Monday, June 10, 2019

Learning How to Move Plot Along from TV Shows

One of my biggest problems with fiction writing has always been the plot. I have no problem creating characters and putting them in certain situations, but I often have trouble raising the stakes from there. Or I have trouble getting them out of problems I've created for them.

I've been reading less lately, which is not the best thing to admit on a book blog, but I'm happy to announce the shows I've been binging on Netflix has great plots that move right along and keep me hooked (hence the binging).

First up was Dead to Me on Netflix, at the recommendation of some coworkers. The concept was compelling enough, but the secrets revealed towards the end of each episode made for perfect cliffhangers. I know cliffhangers are necessary for shows, especially season finales, and sometimes for book chapters. But cliffhangers can be well done, or they can be so overly dramatic that, when they're resolved, you feel like you were duped. Like when the resolution turns out to not be a major plot point, but just a fake-out. And I think there were one or two of those in this show, but overall I felt like the use of suspense and slowly letting the viewer learn secrets was perfectly done. The season finale was also a nice balance of suspense, but believable events.

I recently saw that there will be a second season, though no date has been set yet. I'm eager to see what happens - and if you haven't seen the show yet, you have time to catch up before anything new is out!

After finishing Dead to Me and wanting more, More, MORE!, I turned to Good Girls.

Season one of this show is on Netflix, and I recommend you watch it... but try to have a way to watch season two, because you'll be hooked and wanting more! I was able to watch a few episodes of season two through a friend's on demand account, but now I need more! The last few episodes of season two are on Hulu, but I haven't been able to find 1-8 on any streaming service.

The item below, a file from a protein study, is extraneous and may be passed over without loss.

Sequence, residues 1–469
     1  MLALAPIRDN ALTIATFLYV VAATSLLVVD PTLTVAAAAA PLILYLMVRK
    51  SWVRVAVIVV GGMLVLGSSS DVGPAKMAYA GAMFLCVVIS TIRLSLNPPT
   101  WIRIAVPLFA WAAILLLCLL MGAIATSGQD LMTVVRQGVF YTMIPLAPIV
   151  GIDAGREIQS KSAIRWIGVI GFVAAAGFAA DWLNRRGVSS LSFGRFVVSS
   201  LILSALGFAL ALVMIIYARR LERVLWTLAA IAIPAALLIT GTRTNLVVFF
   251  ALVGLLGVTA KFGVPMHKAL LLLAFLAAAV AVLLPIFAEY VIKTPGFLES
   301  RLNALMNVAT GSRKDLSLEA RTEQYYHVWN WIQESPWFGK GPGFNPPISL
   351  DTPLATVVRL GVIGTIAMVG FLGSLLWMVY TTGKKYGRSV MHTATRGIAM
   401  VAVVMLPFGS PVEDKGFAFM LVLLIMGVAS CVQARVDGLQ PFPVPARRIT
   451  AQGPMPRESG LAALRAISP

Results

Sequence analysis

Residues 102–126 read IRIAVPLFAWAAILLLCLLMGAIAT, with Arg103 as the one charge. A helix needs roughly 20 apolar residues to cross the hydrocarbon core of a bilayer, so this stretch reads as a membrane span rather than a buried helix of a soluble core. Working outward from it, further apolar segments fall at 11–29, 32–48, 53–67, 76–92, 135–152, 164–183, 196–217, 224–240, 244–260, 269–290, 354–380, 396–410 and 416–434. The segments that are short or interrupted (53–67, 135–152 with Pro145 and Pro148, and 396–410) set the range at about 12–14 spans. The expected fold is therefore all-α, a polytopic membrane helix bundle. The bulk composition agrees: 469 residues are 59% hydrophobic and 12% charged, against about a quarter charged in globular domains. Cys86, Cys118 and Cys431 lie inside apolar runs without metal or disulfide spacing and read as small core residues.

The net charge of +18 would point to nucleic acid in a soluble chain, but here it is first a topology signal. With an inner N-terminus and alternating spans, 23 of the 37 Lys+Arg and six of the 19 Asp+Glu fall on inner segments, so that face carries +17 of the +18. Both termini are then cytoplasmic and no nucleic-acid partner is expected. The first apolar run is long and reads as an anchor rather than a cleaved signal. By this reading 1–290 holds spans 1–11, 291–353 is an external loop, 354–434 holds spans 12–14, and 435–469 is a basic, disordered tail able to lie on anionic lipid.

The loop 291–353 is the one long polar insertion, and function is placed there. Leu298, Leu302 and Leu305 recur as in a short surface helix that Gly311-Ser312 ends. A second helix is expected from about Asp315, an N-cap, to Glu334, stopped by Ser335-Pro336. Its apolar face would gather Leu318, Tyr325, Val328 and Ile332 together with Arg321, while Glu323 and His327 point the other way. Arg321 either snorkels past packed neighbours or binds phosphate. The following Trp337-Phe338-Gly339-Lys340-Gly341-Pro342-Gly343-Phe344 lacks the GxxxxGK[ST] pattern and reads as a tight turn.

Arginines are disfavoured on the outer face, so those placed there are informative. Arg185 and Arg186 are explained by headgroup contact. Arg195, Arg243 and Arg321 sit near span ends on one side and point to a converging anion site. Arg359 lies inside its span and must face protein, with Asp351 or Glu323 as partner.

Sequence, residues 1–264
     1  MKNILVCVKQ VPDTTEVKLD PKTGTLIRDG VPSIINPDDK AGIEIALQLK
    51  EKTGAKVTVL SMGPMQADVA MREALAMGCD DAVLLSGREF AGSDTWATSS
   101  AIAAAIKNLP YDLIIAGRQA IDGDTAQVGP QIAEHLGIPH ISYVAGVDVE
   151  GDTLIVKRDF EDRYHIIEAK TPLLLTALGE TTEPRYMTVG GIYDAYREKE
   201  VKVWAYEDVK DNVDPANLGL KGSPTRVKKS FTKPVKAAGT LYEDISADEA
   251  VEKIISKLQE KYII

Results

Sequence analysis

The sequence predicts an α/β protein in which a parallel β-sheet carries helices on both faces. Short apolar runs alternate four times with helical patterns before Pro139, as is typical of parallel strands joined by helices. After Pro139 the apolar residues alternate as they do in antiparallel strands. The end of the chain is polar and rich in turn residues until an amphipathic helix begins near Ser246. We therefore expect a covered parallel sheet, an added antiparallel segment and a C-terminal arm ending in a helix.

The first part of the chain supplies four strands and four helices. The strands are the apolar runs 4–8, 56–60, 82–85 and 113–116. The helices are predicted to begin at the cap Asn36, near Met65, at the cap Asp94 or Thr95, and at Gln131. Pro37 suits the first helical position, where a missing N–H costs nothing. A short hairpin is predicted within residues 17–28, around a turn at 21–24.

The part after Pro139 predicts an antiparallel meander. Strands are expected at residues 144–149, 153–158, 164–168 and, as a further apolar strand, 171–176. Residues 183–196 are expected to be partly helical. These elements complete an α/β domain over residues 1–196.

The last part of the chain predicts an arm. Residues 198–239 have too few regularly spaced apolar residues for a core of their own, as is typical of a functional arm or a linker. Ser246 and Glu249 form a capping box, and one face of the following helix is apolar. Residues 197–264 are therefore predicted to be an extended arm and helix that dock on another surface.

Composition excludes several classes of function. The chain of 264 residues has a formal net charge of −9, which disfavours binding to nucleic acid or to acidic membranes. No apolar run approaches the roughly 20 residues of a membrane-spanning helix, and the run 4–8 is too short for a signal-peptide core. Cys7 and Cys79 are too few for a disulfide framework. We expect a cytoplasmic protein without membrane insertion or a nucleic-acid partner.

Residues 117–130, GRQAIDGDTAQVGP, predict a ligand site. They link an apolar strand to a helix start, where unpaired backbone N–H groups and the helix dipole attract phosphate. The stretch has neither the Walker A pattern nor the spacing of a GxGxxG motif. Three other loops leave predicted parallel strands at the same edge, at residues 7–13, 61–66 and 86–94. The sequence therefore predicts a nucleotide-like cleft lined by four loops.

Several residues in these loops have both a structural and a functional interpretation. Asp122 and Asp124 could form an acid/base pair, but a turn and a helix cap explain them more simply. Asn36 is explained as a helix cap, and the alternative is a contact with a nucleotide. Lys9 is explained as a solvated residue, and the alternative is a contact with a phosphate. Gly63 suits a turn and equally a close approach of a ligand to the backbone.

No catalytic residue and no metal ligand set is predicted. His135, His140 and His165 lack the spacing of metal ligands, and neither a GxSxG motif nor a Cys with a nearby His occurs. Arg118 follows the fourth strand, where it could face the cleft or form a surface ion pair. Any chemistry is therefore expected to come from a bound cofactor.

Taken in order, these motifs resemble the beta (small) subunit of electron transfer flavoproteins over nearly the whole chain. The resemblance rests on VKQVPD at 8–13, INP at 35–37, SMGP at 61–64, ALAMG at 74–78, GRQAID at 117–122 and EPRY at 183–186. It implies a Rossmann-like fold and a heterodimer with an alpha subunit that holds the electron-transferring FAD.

Viewing difficulties aside, this show is amazing. It's a little more over the top to me - it's somewhat realistic, but three women planning a major robbery and getting away with it (to the point I've seen, anyway), is a little tough for me to believe just because there were so many witnesses and secrets coming out. Once the gang gets involved, things get a little more unbelievable for me, but I love the show so much I'm more than happy to suspend my disbelief and escape into their crazy world for a binge.

I love the balance of humor, crime, and mystery, which makes me think of Sue Grafton's Kinsey Milhone series or the early books in Janet Evanovich's Stephanie Plum series. I like serious dramas sometimes, but the humor in Good Girls is perfectly timed and dry, and always elicits a genuine laugh from me. I love humor and comedy, period, and have typically attempted to use it in my own writing, but felt like it was hard to pick up on unless someone shared my sense of humor. This show helps me see that it's always worth adding humor, and if someone gets it, they get it. If not, it's just over their heads - it doesn't detract from anything if it's well done.

Both of these shows have been teaching me a lot about what a good plot is made up of, and how to create one without going over the top into unbelievable territory, or being underwhelming with a slow moving story. And while reading definitely teaches me all of these things, too, I love watching quality shows that help me become a better writer when I'm not in a reading mood.

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